How have state pension ages changed?

These changes will bring different economic needs and consumption patterns (for example, more spending on healthcare and long-term care); different behaviours, such as working less and lower savings; and political pressures on the sustainability of pay-as-you-go (PAYG) pension systems. In 1908, when state pensions were first introduced for people aged over 70 in the UK, life expectancy was 58 years.

One way in which governments have responded to the demographics of an ageing population is to change the definition of being old, by changing the age at which individuals are entitled to state retirement benefits.

As a consequence of a directive from the European Economic Community (EEC) in 1978 on equalising social security payments across genders, this process started in the UK with the Pensions Act 1995.

This legislation announced that the pension age for women would increase from 60 in 2010 by one year in every two, equating the pension ages of men and women to 65 by 2020. The Pensions Act 2011 superseded this earlier change, which, under the coalition government’s austerity measures, increased the state pension age to 66 years for both men and women.

There are two further increases in the pipeline: a gradual rise to 67 for those born after April 1960; and a gradual rise to 68 for those born after April 1977. 

The UK is not alone in increasing the state pension age. Table 2 shows changes to statutory pension ages over time in a number of major European countries.

Table 2: Statutory pension ages in European countries

Source: Harker, 2022

Changes to the pension age are often met with fierce resistance. In France, for example, a new parliamentary bill in 2023 that proposed to raise the official age at which people can stop work was met with nationwide demonstrations and strikes.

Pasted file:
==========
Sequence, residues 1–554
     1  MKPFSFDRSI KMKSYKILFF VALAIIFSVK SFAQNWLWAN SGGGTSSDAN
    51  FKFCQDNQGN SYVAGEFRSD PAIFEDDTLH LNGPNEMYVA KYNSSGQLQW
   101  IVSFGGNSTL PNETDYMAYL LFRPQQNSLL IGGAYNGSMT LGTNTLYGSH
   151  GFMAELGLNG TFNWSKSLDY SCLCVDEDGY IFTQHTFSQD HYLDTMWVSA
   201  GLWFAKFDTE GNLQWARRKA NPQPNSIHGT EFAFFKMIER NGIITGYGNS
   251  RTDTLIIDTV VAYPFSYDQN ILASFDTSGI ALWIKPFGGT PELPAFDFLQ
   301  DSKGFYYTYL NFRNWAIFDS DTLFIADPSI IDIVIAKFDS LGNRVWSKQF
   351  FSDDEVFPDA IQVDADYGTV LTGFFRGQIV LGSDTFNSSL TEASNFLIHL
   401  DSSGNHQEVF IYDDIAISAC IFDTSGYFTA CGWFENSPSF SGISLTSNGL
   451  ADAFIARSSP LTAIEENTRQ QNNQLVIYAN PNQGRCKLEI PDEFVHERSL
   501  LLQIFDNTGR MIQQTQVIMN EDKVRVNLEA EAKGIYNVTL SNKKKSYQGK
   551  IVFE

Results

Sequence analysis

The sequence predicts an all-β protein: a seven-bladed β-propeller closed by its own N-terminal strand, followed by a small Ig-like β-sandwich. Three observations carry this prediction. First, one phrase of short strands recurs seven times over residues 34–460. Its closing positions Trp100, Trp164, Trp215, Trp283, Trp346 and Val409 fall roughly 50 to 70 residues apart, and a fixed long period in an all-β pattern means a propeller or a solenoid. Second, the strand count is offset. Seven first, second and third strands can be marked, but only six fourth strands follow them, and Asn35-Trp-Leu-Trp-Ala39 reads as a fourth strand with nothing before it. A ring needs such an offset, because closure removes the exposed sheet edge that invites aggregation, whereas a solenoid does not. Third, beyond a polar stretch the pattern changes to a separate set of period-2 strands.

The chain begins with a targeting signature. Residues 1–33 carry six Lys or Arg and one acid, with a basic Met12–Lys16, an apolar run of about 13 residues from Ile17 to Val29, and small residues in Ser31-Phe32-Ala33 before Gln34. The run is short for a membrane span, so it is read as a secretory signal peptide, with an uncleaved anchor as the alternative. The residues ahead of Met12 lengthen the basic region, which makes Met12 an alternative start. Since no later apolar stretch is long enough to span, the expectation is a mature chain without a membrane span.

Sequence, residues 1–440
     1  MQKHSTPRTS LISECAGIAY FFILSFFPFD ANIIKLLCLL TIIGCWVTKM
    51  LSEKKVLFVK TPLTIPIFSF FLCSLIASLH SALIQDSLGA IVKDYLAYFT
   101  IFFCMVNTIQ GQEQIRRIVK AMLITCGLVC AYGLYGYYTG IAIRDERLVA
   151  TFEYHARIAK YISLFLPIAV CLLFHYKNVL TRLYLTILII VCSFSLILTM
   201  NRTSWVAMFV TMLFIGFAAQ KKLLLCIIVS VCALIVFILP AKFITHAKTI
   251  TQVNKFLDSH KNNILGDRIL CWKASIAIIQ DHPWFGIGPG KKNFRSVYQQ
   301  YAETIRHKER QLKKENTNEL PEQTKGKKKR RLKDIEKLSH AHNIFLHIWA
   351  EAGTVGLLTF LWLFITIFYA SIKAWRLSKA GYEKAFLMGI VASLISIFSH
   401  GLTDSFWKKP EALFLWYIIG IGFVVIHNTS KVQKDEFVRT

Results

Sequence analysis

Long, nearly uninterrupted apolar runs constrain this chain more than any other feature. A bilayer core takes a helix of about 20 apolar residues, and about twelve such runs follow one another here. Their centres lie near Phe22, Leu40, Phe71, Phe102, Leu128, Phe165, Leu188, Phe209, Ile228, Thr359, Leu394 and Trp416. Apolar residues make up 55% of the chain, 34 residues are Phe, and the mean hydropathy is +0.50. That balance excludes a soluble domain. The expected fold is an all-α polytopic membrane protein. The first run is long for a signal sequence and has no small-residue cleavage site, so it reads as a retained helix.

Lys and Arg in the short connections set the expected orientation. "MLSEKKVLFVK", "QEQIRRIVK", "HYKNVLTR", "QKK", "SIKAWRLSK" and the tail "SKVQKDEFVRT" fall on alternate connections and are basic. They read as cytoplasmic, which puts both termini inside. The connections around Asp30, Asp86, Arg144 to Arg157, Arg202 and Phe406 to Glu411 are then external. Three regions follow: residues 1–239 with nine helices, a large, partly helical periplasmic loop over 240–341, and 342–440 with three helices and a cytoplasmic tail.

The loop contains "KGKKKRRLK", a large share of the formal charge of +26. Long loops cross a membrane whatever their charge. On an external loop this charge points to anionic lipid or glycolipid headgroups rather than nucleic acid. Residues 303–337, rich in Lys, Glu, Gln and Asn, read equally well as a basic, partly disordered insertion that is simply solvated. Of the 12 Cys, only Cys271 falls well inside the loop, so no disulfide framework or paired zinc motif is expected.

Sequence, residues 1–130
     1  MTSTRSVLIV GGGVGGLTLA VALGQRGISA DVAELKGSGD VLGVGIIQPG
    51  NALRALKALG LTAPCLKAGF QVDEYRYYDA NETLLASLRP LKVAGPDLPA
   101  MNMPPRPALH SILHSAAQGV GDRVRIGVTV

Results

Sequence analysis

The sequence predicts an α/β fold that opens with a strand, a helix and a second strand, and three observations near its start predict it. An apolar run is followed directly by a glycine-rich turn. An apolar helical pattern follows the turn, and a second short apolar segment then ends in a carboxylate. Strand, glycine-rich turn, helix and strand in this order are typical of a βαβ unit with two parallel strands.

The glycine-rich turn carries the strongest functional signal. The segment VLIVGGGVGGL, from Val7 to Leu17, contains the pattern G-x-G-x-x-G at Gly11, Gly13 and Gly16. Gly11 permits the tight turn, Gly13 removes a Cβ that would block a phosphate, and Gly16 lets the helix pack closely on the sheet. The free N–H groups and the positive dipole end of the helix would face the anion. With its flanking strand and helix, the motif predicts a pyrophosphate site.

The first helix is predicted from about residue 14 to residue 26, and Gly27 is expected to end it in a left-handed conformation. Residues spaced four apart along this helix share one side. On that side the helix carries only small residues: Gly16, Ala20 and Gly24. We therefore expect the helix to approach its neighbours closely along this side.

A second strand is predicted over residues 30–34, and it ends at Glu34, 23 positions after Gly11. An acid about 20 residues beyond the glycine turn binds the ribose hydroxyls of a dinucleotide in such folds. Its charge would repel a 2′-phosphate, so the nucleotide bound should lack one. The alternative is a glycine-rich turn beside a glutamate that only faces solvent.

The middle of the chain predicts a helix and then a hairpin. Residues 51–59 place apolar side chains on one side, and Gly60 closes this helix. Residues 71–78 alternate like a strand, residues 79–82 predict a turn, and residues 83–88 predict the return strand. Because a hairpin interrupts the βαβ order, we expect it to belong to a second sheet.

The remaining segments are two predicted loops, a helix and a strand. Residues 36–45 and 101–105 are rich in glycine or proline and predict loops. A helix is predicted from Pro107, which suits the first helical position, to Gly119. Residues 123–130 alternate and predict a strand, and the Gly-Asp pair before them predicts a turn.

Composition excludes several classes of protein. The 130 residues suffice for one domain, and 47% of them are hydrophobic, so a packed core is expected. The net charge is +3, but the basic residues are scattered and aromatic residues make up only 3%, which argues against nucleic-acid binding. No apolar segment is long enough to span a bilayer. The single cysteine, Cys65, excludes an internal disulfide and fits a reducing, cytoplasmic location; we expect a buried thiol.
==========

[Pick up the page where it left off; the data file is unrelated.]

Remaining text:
In the UK, the Pensions Act 2014 requires there to be a regular review of the age at which people qualify for the state pension. The latest review, published in March 2023, confirms that, as planned, the state pension age will rise to 67 between 2026 and 2028, with a further review scheduled for within two years of the next parliament.

How have pension policies changed to accommodate ageing populations?

The shrinking working population relative to the total population has caused governments to move away from PAYG pension systems and towards defined contribution schemes, which are just tax-efficient savings arrangements.

With a PAYG system, the working population pay taxes that pay the pensions of the retired population. This is a pure transfer between one section of the population and another. The working population enter this implicit contract on the understanding that, when they retire, the future cohort of workers will pay their pensions. Under a defined contributions system, workers contribute to a fund that accumulates over time and which they can then run down on retirement.

In the UK, as well as the basic state pension, there is a myriad of occupational or work-based pensions and personal pensions for the self-employed, with pension dashboard legislation due to take effect in the summer of 2024.

This 2022 legislation sets up an online portal through which individuals can access information about the value of all the different pension schemes to which they are entitled during their working lives.